Jacques Lipchitz Standing in Front of His Sculpture "Figure"

Jacques Lipchitz Standing in Front of His Sculpture "Figure"
John Swope (American, 1908-1979)
January 1967
Gelatin silver print 
9-5/8 x 6-7/8 in. (24.4 x 17.5 cm) 
Credit Line:
Norton Simon Museum, Gift of Mrs. Herman Weiner 
Accession Number:
© John Swope Trust 
Not on View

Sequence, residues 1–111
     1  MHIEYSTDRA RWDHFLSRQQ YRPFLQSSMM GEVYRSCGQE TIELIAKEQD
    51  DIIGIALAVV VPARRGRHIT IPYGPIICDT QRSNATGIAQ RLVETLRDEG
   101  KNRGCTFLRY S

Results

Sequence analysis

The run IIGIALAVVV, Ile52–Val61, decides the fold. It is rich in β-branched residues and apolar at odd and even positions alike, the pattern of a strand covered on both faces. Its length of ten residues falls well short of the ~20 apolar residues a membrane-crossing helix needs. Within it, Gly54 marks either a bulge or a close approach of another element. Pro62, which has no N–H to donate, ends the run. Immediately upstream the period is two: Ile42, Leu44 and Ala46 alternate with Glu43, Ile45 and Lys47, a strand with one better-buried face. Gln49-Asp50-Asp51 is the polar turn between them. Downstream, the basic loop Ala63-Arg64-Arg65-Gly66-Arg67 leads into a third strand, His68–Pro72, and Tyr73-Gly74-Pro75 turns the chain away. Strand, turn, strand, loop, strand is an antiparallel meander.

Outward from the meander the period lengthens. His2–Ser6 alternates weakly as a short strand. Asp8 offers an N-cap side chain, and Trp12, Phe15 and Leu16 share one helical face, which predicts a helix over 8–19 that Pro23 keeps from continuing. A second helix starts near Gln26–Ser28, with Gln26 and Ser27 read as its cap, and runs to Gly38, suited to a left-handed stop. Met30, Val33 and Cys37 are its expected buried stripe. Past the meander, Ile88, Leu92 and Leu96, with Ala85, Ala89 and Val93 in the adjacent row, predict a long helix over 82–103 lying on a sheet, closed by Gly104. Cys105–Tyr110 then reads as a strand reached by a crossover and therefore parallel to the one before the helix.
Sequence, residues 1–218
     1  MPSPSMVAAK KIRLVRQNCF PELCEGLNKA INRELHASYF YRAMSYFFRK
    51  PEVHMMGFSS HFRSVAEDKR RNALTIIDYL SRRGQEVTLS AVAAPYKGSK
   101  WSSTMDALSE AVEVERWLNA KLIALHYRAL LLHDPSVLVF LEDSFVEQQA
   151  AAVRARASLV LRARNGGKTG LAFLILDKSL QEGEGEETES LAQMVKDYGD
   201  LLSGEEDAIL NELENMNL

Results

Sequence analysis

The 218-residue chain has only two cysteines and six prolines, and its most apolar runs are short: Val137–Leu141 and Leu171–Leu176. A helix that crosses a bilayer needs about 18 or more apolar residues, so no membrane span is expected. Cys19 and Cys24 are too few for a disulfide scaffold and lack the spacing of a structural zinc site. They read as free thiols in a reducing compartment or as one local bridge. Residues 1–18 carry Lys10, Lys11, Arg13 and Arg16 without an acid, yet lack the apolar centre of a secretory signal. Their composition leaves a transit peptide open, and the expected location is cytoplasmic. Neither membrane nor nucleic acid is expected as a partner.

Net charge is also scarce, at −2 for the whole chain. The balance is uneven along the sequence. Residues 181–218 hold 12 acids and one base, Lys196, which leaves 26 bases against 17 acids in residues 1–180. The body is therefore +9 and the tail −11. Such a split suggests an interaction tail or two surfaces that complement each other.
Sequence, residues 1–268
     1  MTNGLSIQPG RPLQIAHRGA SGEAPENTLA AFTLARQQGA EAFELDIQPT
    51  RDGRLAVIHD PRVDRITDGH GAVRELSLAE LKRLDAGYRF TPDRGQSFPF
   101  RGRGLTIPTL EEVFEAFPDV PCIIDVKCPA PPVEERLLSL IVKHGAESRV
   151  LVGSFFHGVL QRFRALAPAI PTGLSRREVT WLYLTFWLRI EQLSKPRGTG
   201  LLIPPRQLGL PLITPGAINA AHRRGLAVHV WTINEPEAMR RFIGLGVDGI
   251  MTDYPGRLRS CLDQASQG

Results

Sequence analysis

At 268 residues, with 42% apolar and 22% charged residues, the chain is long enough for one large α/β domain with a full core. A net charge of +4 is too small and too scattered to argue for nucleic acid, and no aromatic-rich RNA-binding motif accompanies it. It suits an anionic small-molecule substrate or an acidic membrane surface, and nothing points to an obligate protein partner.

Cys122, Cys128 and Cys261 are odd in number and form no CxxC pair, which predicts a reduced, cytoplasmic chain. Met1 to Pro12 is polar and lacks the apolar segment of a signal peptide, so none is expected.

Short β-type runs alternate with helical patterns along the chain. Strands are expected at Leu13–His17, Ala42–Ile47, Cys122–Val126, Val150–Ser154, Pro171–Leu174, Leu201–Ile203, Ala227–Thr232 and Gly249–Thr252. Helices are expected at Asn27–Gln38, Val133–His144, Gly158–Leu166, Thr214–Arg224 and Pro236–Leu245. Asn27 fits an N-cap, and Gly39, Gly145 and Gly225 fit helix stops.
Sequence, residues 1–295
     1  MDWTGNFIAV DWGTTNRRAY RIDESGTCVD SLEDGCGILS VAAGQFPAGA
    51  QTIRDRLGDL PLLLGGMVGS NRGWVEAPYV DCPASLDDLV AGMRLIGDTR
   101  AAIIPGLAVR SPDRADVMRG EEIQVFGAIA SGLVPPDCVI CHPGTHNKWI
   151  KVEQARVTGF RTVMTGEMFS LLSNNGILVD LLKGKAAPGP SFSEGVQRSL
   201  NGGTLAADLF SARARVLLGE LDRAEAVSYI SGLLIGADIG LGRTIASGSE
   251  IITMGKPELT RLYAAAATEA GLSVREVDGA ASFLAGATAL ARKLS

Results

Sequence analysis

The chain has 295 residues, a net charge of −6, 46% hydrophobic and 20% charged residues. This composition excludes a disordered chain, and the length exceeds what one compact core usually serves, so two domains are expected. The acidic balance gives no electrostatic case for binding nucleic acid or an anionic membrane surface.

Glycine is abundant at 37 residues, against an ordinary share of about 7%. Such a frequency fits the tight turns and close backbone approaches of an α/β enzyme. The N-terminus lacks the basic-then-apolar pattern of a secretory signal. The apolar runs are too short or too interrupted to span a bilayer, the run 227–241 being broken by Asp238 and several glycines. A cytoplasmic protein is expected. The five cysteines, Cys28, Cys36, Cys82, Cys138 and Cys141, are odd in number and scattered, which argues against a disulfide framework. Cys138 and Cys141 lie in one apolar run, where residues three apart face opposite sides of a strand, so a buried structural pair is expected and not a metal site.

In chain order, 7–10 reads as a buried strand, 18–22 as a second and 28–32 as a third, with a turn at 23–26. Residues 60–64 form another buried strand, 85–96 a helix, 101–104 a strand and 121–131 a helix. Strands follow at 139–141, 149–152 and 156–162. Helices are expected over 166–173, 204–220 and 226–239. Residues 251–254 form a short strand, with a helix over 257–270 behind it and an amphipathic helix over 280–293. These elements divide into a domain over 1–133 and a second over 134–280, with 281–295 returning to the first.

John Swope was a self-taught photographer who captured both the reality and the glamour of living in Hollywood. As a photojournalist who began his career working for the Resettlement Administration under the New Deal, he was influenced not only by Dorothea Lange and Walker Evans but also by the painter Piet Mondrian, who taught the young photographer to search for geometry in nature. Here Swope captures the abstract sculptor Jacques Lipchitz (1891–1973) standing before Figure (1926–30), the artist a veritable stand-in for the object itself. Using Lipchitz’s dark silhouette and upright position, Swope equates the proud artist with the totem—both figures of graceful solidity.

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